Instead of speaking out, Rachel becomes scared and takes to following her daughter Mia, over to the playground where her friends hang out. Even though they’ve been interviewed by police, all four of Mia’s gang swear they don’t know where Lily is. At the playground they perfect dance moves, new ones that are provocative and possibly learned from watching music video. Then the boys join them and the girls change subtly with Mia kissing her boyfriend Aaron. Again referencing the body, Rachel notices Aaron’s physicality, his sheer size compared to Mia. His large hands on her. In light of Lily’s disappearance, Rachel wants to know him better and invites him for tea. He looms large at their table, almost a man. He starts to ask uncomfortable questions.; why shouldn’t Lily be left alone? He argues that she’s almost 16, what could possibly happen within a matter of weeks that would make her more ready for an adult relationship? Rachel is saved slightly by her husband Tim turning up at the door, he’s home early from working abroad. In bed later he warns Rachel that she needs to back off where Mia is concerned. Tim is concerned that Rachel’s scrutiny will destroy their relationship.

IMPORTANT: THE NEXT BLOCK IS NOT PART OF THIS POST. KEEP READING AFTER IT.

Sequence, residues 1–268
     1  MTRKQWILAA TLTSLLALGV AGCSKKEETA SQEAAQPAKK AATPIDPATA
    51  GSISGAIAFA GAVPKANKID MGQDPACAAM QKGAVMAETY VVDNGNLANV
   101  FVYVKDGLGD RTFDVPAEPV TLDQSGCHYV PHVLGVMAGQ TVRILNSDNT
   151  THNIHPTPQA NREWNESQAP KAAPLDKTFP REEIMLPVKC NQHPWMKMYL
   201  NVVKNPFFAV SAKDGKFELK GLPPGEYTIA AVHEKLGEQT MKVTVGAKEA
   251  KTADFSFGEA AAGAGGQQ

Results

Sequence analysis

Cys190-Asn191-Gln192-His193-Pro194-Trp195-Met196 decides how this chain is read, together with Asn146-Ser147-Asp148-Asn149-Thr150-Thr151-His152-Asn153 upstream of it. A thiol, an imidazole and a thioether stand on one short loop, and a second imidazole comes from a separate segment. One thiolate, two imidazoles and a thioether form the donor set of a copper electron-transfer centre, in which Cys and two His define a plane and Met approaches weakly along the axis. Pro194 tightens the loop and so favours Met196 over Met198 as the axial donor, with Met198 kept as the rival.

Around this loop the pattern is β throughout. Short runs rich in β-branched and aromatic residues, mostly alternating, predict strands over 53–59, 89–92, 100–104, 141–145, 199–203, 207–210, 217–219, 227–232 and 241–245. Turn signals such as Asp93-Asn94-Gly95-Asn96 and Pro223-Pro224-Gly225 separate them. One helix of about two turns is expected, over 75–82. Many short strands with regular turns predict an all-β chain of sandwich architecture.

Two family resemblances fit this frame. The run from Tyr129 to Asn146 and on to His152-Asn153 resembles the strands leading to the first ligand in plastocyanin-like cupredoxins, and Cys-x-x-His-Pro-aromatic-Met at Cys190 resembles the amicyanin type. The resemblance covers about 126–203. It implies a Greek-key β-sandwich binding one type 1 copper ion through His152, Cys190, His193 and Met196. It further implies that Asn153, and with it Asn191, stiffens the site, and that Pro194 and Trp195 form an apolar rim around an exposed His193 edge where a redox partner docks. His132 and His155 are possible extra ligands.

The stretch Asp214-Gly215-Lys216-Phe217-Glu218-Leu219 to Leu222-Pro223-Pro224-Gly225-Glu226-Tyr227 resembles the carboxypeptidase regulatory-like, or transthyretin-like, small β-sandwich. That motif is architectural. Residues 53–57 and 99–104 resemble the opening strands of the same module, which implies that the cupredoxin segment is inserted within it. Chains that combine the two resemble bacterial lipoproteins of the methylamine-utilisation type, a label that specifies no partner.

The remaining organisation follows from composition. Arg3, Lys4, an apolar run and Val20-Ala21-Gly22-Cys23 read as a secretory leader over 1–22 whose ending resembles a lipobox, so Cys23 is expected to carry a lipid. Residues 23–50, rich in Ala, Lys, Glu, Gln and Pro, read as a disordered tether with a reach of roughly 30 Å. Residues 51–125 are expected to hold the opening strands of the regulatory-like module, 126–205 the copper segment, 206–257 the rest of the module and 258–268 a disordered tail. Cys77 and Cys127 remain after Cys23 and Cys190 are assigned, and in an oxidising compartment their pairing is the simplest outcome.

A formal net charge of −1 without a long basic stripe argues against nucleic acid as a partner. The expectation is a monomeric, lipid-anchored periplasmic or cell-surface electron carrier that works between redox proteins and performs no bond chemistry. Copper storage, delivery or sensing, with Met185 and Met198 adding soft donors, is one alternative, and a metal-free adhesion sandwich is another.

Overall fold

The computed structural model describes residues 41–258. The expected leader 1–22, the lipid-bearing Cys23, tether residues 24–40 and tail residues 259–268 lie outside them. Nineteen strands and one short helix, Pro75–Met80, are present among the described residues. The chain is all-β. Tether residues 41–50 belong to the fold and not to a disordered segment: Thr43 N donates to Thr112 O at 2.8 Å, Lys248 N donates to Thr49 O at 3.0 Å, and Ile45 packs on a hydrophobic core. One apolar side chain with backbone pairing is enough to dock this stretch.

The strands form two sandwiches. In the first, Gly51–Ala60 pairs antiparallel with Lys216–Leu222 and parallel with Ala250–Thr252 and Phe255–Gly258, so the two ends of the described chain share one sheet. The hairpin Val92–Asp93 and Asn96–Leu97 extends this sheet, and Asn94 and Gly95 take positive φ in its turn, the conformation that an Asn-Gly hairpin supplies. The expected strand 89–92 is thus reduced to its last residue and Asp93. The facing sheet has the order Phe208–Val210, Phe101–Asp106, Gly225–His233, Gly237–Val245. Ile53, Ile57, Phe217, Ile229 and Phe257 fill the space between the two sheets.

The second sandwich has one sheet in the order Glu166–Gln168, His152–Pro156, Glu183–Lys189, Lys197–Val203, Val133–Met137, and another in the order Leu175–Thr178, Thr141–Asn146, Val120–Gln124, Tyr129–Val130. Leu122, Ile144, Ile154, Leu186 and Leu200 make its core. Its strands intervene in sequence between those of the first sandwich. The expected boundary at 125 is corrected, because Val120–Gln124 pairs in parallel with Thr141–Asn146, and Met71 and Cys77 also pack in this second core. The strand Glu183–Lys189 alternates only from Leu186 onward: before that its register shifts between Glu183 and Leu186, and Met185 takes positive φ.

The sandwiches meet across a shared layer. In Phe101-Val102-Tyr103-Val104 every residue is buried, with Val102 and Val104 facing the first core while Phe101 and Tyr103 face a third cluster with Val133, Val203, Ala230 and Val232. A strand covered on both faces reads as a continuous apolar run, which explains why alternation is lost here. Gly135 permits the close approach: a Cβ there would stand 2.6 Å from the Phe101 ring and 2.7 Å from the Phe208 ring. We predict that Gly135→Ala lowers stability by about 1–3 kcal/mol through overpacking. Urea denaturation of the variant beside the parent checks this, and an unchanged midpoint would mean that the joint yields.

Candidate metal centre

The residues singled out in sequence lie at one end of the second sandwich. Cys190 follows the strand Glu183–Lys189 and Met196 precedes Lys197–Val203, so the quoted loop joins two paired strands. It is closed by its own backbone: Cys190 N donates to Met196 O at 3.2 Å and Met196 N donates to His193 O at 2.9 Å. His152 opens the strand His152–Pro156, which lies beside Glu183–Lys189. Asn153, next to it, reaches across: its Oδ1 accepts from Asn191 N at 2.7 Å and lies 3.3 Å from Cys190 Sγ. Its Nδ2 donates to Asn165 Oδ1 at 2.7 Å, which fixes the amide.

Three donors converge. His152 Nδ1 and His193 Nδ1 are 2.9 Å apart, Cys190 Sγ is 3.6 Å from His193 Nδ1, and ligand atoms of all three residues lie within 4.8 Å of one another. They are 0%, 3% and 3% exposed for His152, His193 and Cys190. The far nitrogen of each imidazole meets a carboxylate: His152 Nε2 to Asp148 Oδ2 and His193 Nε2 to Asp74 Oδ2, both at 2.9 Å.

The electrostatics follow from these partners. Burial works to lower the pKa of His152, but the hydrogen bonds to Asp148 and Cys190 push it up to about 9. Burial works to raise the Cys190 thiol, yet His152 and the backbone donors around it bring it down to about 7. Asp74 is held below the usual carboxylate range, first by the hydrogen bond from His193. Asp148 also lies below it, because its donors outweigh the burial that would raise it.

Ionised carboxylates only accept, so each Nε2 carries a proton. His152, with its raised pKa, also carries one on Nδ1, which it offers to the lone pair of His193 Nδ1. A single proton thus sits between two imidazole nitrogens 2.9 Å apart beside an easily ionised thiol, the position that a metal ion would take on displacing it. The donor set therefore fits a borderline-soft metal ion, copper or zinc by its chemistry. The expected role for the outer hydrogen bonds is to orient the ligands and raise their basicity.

I enjoyed the author’s depiction of how Rachel copes with growing older, made especially difficult by her past and Mia’s growing beauty, Rachel has placed a photo outside the downstairs loo. It shows her at her peak of youth and beauty as the singer in a band. In skimpy clothes and torn tights I imagined her look like Courtney Love, the lead singer in Hole back in the 1990s. Rachel seems to be embarrassed when people recognise her, but it seems likely that people will see it, because of where it’s placed. It’s as if she wants to show she was once cool and beautiful. It’s an ego boost for her. There’s a disturbing scene later, when she takes Mia’s prom dress and tries it on. She’s pleased to be able to fit into it, but what seemed harmless turns into something else when Mia comes home. In another scene she has thoughts about Lily, and her first time sharing a living space with a man. Rachel imagines her worrying about how to do all the things that make her beautiful: the shaving, plucking and preening are no longer private and mysterious I wondered if these concerns were really for Lily or whether they were about her own beauty rituals. Would she ever be able to accept her ageing process and know she can be attractive at any age?